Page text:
(BNc) — George W. Hall, Executive Director of Biblical Institute of Central America, shows how we can find the funds needed to fulfill the Great Commission, in his October, 2012, report, released today.
Let me suggest that all members 18 years and older be encouraged to commit to start smoking. Then, before they have time to buy their first pack, ask them to change their commitment to missions. Use the $5 per day cigarette money for missions. If you have 200 adults times $5, this results in $1,000 per day. Thirty days in a month equals $30,000 per month for missions. We need to be addicted to and love the lost as smokers do their smokes. The school in Guatemala has 44 students, plus the staff. It operates on less than $20,000 per month. WOW! The school will average graduating 22 per year. Ten years at 22 graduates a year equals 220 lifetime self-supported missionaries in their own culture. The 220 should have about 40 years of service. That’s 8,800 years of service. If they only baptized (with their disciples) 10 per year, we are looking at 88,000 converts. Light ’em up, if you have ’em! Those are members fired up for missions. Anyone want to start a school in Panama, Colombia, etc.?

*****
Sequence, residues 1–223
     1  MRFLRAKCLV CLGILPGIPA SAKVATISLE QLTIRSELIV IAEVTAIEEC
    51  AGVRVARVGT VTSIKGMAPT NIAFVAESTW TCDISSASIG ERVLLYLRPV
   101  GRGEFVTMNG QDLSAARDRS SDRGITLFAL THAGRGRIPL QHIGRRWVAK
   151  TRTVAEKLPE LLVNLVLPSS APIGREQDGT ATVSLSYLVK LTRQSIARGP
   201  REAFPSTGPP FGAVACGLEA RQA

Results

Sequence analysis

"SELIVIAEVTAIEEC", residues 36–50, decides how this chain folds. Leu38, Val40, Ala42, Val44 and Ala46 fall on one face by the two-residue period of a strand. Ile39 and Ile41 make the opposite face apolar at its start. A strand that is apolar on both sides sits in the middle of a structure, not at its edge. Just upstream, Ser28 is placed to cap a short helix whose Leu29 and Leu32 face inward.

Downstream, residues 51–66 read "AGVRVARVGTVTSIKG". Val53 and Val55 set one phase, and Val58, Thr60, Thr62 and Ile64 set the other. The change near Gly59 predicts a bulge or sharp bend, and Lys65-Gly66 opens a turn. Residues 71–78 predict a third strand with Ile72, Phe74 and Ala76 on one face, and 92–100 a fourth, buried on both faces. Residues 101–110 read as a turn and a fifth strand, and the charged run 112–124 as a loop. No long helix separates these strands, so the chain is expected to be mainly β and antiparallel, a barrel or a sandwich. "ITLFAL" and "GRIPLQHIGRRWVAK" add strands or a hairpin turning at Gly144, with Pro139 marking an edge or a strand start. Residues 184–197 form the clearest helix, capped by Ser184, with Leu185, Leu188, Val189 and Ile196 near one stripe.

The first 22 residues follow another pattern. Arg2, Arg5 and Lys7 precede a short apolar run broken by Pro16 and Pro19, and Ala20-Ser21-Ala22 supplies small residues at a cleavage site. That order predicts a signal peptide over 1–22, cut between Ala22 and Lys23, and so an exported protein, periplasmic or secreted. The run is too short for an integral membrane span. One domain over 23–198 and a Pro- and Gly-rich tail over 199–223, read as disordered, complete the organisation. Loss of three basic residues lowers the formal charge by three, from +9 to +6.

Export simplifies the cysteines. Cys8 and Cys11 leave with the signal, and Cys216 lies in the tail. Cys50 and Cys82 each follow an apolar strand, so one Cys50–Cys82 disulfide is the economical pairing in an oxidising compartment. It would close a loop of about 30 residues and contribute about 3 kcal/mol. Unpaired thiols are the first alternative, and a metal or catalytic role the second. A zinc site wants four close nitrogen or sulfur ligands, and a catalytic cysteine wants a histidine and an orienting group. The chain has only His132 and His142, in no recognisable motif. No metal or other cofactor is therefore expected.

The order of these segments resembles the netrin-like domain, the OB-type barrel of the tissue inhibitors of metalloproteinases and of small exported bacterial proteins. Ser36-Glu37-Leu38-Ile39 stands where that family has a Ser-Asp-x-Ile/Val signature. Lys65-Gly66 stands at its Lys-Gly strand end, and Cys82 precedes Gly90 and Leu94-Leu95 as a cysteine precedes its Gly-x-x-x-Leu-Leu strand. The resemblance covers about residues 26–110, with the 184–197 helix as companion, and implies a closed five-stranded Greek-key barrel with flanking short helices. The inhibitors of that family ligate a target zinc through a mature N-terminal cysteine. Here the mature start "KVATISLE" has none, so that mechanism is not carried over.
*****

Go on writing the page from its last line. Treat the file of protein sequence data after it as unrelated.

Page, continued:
As affluent Christians, we pretty much buy what we want. We are addicted to material goods. If we had the deep commitment to fulfilling the church’s task, we could do it in a minute. This appears to be Hall’s point.
As it is, we pamper ourselves and our churches and call everything we do missions. We cover up our malfeasance by shouting “temple of the Lord” and think he will approve of our multi-million dollar splurges.
For the people of God who are serious about his work, they will always find plenty of resources, for he is the “blessed and only Sovereign” (1 Timothy 6.15 NET). He is the source of all blessing and has indeed blessed his people with all they need for life in Christ and service to God. “… his divine power has bestowed on us everything necessary for life and godliness” (2 Peter 1.3).
So who’s ready to “light ’em up,” as Hall urges?
Randal and his wife Vicki have lived and worked in Brazil since Nov. 1984. They have three children, two daughters-in-law, and five grandchildren. He likes to read novels in his back-porch hammock. http://randal.us